Steelers won't replace Harrison's toughness
March, 9, 2013
By Jamison Hensley | ESPN.com
When the Steelers announced the release of linebacker James Harrison on Saturday, finding a pass-rusher became as much of a priority as nabbing a running back.
As of today, the Steelers would have to rely on Jason Worilds or Chris Carter to step into Harrison's spot, and there's no confidence that either can handle the job. The Steelers can look to the draft and hope someone like Georgia's Jarvis Jones falls to them at No. 17 next month.
But let's be honest: No one is going to replace Harrison's toughness, mean streak and steely-eyed stare that struck fear into anyone lining up across from him. Harrison was more than a pass-rusher. He was a quarterback crusher. Every team in the AFC North knew it had better find some pass-blocking tackles or Harrison would be hitting the quarterback all game.
Remember last season when Peyton Manning talked about returning to football and half-jokingly begged Harrison not to blindside him?
Harrison was as fierce a tackler as he was a competitor. Teams would double-team him, and he would find a way to drop a running back for a loss. Teams would cut block him, and he kept coming back. He played with so much tenacity that you would forget he was only 6 feet tall. He always loomed larger.
Charles LeClaire/USA TODAY SportsJames Harrison helped Pittsburgh's defense become one of the NFL's elite with his intensity and work ethic.
For some, Harrison will always carry the label of a dirty player. He became the first player suspended under the NFL's enhanced enforcement of player safety violations after a vicious hit on Colt McCoy. He had so much money taken away for illegal hits -- more than $100,000 -- that the NFL should have named its fining system The James Harrison Fund.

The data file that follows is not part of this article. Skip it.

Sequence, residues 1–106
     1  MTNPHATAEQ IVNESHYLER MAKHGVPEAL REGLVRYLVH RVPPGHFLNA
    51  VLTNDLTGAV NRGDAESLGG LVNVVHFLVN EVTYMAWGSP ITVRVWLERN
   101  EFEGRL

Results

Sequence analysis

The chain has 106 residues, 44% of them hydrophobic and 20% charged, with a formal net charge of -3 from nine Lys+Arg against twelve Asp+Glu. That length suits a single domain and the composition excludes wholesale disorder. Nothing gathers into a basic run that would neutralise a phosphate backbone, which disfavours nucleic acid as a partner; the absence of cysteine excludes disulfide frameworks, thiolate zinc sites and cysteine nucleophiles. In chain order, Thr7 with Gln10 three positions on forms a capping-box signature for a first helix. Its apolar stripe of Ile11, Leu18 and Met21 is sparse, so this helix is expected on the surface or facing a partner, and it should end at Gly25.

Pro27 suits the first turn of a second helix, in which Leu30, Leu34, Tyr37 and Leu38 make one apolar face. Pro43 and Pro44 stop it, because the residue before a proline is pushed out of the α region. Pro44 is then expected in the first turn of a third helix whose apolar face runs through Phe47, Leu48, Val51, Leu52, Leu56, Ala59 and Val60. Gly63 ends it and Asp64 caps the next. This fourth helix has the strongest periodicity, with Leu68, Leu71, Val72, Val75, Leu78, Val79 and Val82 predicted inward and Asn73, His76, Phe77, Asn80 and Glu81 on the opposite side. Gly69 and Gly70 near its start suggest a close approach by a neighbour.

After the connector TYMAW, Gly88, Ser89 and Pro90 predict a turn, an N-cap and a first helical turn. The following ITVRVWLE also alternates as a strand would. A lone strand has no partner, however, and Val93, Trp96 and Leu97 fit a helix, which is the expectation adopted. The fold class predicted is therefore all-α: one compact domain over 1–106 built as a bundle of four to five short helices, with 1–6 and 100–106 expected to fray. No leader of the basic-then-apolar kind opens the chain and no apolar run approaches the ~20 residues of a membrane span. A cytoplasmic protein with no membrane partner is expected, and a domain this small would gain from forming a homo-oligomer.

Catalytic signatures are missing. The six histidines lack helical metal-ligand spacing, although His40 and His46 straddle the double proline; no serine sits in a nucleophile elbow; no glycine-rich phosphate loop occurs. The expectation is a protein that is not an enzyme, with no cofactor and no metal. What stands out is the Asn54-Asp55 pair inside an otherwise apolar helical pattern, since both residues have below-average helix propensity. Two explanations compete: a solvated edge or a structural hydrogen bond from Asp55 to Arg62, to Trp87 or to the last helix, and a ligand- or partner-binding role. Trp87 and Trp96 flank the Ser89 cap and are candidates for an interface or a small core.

That shouldn't get in the way of what Harrison represented on the field. He has the gritty mindset of an old-school player and was the backbone of the top Steelers defenses over the years.
"James has been an integral part of our success during his years in Pittsburgh and has helped us win two Lombardi trophies during that time," Steelers general manager Kevin Colbert said. "We appreciate all of his efforts and wish him the best.”
So, was this a bad move for the Steelers? It's a bad move for both sides. The Steelers don't have an immediate replacement for Harrison, and Harrison probably won't make as much elsewhere as what the Steelers offered.
The Steelers believe Harrison can still play. If they didn't, they would have cut him instead of trying to negotiate a pay cut. In the end, the Steelers couldn't pay him $6.57 million in 2013. He was too much of a liability in terms of age (turns 35 in May) and injuries (missed a total of eight games the past two seasons).
Another team will sign Harrison because he can still get to the quarterback. Even though his sacks have decreased the past two seasons, he has at least six sacks in six straight seasons. And there's no doubt a team will get a determined Harrison who wants to show the Steelers that he can play at a high level.
This is nothing new with the Steelers, who are always trying to get under the salary cap. They got nose tackle Casey Hampton to take a pay cut last year and did the same with running back Jerome Bettis twice. Still, this won't go over well in the Steelers' locker room, which already has had its problems this offseason. Harrison was one of the most respected players within the organization, and his departure puts more pressure on LaMarr Woodley to rebound from last year's disappointing effort.
The news of Harrison's release makes it a good day for Joe Flacco, Andy Dalton and whoever is starting for the Browns. But for the Steelers, this was more than parting ways with one of their best defenders over the past decade. They said goodbye to one of the toughest players ever to wear the Black and Gold.
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